MARCI A. HAMILTON is one of the United States’ leading church/state scholars and is a Senior Fellow in the Program for Research on Religion and Urban Civil Society at the University of Pennsylvania.  She is also the Academic Director and Chairman of the Board of CHILD USA, a 501(c)(3) nonprofit dedicated to preventing and deterring child abuse and neglect.  She holds the Paul R. Verkuil Chair in Public Law, Emeritus, at the Benjamin N. Cardozo School of Law, Yeshiva University.

She was also the Academic Curator for the National Constitution Center’s 2015 Religious Liberty Exhibit and a contributor on the Establishment Clause to the National Constitution Center’s Interactive Constitution project.

Hamilton clerked for United States Supreme Court Justice Sandra Day O’Connor and Judge Edward R. Becker of the United States Court of Appeals for the Third Circuit.  She successfully challenged the constitutionality of the Religious Freedom Restoration Act (“RFRA”) at the Supreme Court in Boerne v. Flores, 521 U.S. 507 (1997), and is considered the foremost national scholar and advocate for the victims of extreme religious liberty, including the RFRAs and RLUIPA.   She also hosts www.RFRAperils.com, which tracks and analyzes free exercise statutes in all 50 states and the federal government.

Hamilton is the author of God vs. the Gavel: The Perils of Extreme Religious Liberty (Cambridge University Press 2014), which was nominated for a 2015 Pulitzer Prize; Justice Denied: What America Must Do to Protect Its Children (Cambridge University Press 2008); God vs. the Gavel: Religion and the Rule of Law (Cambridge University Press 2005), which received Foreword Magazine’s Political Science Book of the Year, Silver Medal; and the co-editor of Fundamentalism, Politics and the Law (Palgrave Macmillan with Mark Rozell 2011); and numerous scholarly articles. She is also a bi-monthly columnist for www.justia.com/verdict.  Her blog with Professor Leslie Griffin on religious liberty, women’s rights, and children’s rights can be found at http://www.hamilton-Griffin.com.   Her textbook, Children and the Law, co-authored with Martin Gardner, will be published 2016-17 by Carolina Academic Press, formerly Lexis/Nexis.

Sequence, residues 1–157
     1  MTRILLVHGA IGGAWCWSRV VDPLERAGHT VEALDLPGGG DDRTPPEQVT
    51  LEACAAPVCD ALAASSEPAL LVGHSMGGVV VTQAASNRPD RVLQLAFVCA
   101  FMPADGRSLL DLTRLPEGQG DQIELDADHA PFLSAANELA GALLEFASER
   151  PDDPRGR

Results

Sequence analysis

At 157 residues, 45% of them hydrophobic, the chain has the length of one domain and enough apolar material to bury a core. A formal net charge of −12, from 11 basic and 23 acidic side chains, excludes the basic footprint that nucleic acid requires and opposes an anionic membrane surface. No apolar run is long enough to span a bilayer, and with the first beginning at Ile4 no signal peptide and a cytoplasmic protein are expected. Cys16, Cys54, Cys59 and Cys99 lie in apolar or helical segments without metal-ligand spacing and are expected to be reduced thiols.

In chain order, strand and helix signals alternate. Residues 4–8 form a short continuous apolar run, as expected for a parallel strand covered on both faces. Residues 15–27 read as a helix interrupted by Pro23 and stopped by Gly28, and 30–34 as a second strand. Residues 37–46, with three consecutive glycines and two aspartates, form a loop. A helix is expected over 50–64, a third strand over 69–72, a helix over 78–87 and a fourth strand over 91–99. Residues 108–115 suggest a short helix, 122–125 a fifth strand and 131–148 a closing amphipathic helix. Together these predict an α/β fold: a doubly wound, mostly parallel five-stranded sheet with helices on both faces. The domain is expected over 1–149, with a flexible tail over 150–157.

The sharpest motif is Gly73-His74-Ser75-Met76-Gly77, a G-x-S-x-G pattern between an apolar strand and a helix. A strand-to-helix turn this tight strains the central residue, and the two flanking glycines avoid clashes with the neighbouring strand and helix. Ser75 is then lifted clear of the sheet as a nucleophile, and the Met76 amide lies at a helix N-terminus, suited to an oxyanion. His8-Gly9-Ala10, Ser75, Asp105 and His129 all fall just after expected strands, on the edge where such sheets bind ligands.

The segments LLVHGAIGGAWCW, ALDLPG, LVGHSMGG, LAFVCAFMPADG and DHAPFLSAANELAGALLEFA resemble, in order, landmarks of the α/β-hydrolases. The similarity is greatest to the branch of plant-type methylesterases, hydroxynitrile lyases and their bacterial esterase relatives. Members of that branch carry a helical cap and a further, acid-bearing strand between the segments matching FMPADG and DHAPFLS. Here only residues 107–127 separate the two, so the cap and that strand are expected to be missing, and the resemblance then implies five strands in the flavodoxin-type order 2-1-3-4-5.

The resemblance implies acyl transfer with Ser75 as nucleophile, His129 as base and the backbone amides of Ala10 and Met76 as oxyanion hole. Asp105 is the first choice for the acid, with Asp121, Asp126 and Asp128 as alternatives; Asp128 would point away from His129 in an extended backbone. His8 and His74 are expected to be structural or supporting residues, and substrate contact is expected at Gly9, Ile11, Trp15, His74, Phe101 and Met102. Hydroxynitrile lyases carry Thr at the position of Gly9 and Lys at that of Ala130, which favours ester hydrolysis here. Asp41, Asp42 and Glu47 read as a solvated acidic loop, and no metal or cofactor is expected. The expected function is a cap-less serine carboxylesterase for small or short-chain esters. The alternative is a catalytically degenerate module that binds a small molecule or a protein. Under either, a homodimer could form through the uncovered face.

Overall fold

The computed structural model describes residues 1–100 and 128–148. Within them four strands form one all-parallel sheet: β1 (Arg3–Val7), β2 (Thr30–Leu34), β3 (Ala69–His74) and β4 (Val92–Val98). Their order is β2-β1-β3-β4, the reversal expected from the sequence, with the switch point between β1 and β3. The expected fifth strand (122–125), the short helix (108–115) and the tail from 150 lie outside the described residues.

As a result of her research on clergy sex abuse, Hamilton is a tireless advocate for access to justice for child sex abuse victims and a national leader in the movement to eliminate statutes of limitations in child sex abuse cases.  She has represented numerous survivors across the United States and submitted testimony and advised legislators in every state where significant reform has occurred and hosts www.sol-reform.com, which tracks and provides analysis about the SOL movement in all 50 states, the District of Columbia, and around the globe.  She has filed countless pro bono amicus briefs for the protection of children at the United States Supreme Court and in other courts.

Hamilton has been honored with the 2016 Voice Today, Voice of Gratitude Award; the 2015 Religious Liberty Award, American Humanist Association; the  2014 Freethought Heroine Award; the National Crime Victim Bar Association’s Frank Carrington Champion of Civil Justice Award, 2012; the E. Nathaniel Gates Award for outstanding public advocacy and scholarship, 2008; and selected as a Pennsylvania Woman of the Year Award, 2012, among others.   She is also frequently quoted in the national media on RFRA, RLUIPA, First Amendment, clergy sex abuse, and statute of limitations issues.

Professor Hamilton is a graduate of Vanderbilt University, B.A., summa cum laude; Pennsylvania State University, M.A. (English, fiction writing, High Honors); M.A. (Philosophy); and the University of Pennsylvania School of Law, J.D., magna cum laude, where she served as Editor-in-Chief of the University of Pennsylvania Law Review.   She is a member of Phi Beta Kappa and Order of the Coif.


Theodore M. Shaw is the Julius L. Chambers Distinguished Professor of Law and Director of the Center for Civil Rights at the University of North Carolina School of Law at Chapel Hill. Professor Shaw teaches Civil Procedure and Advanced Constitutional Law/Fourteenth Amendment. Before joining the faculty of UNC Law School, from 2008-2014 Professor Shaw taught at Columbia University Law School, where he was Professor of Professional Practice. During that time he was also “Of Counsel” to the law firm of Norton Rose Fulbright (formerly Fulbright & Jaworski, LLP). His practice involved civil litigation and representation of institutional clients on matters concerning diversity and civil rights.